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Last Updated on 02/03/2023 by Mark Beckenbach
Most photographers use Adobe Lightroom and Photoshop. And if you’re like us and want better colors, you’re probably using Capture One. Lightroom users are probably using either Adobe Lightroom or Adobe Lightroom Classic. Believe it or not, most photographers don’t need Adobe Photoshop. The majority of what we’d want and need to do is easily available in other software. So then, what’s the point of owning Photoshop?
In 2023, Adobe Photoshop is really just a leftover from its original days of being a photo manipulation tool for photographers. It still surely can be that, but it’s also way more than that. For professional photographers working on sets with really big clients, it’s the default tool to use. Taking away liquify and other tools will make lots of photographers really angry. So if you plan on doing a lot of photo manipulation to the image that will make it look far different, then consider Adobe Photoshop.
However, most of us don’t need it. If you’re looking to do things like dodge and burn, that can be done easily in Lightroom (both types). If you’re also doing light retouching, work like that can be done in Lightroom too. For example, standard headshots and portraits can be done in Lightroom. But if you’re doing anything more than that, I’d step into Adobe Photoshop.
If you’re trying to get more details from a blown-out sky, Lightroom will do a fantastic job. So with that said, here’s a list of situations where Adobe Photoshop is more useful:
Some photographers need to use things like Adobe Photoshop for retouching their subjects. But most of the time, Lightroom does more than a good enough job.
Photojournalists never use Photoshop partially because of how it can violate ethics. But basic adjustments are often just fine and allowed.
Landscape photographers often like working in it because of the extra work they can do to perfect their photos.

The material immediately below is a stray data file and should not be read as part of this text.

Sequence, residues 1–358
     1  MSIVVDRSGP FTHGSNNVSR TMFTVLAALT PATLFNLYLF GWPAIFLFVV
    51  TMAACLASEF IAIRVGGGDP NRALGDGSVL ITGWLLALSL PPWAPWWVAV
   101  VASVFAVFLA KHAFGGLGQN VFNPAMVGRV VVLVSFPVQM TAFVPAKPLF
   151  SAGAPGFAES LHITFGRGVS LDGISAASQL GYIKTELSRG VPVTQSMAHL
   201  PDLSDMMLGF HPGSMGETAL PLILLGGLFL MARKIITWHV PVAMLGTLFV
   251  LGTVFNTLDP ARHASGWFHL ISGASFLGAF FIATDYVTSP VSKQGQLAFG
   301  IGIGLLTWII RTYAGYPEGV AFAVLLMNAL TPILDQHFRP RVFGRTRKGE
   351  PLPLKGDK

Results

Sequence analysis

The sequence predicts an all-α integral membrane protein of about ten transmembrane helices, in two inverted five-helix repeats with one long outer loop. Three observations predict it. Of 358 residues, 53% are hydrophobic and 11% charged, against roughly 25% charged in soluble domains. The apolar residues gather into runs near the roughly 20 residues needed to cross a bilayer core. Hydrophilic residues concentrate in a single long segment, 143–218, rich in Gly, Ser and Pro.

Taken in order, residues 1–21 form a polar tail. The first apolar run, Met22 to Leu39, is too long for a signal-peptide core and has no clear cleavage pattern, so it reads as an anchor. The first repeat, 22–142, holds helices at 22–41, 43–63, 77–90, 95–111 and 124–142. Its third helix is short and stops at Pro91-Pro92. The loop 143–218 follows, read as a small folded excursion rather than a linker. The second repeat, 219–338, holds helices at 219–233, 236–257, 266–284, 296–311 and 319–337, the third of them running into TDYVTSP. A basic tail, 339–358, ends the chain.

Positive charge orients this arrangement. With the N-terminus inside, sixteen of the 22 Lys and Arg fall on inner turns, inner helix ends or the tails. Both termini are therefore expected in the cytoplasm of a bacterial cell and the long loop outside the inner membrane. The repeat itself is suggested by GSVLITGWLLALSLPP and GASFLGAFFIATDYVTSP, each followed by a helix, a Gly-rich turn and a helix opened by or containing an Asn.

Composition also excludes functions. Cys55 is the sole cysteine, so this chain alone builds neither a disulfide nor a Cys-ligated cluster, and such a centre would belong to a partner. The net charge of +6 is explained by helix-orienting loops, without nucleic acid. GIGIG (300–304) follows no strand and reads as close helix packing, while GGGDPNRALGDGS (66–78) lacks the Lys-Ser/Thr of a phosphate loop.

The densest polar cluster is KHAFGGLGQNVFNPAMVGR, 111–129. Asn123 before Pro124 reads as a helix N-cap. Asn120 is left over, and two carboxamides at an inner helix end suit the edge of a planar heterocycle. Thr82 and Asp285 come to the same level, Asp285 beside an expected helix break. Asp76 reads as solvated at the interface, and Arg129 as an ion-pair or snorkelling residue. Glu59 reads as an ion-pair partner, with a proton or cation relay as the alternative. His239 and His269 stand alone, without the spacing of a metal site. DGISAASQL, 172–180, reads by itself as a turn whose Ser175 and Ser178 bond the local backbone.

Wildlife photographers may use Adobe Photoshop if working in layers on a specific image is easier to manage. But working in layers in Lightroom is possible. The same goes for Capture One.
Food photographers may totally use Adobe Photoshop for retouching the final products. Of course, even that’s a bit suspect. Journalistic food photographers abide by photojournalism rules. Advertising and creative editorial is more flexible.
Product photography totally uses Photoshop unless the photographer is super meticulous and careful in-camera. Dust and stuff like that can happen and sometimes Adobe Photoshop is just better at eliminating it.
Lots of conceptual photographers use Adobe Photoshop to execute their final ideas. We’ve featured a lot of them on this website, but we’ve also featured a lot who do stuff like set design in order to not use Photoshop. Sometimes that’s more fun, and it brings an authenticity to an image that can’t be had otherwise.
Truly, most photographers these days don’t need Adobe Photoshop. Some like to pick and choose images in Adobe Bridge and then edit in Photoshop. But Lightroom can do that for you very easily. In the end, you should just use whatever works for you. Our staff uses Capture One partially because the manufacturers work directly with the company to get better colors than Adobe Lightroom can deliver without extra work. But even I’ll admit that I sometimes like what Lightroom can do despite its archaic design.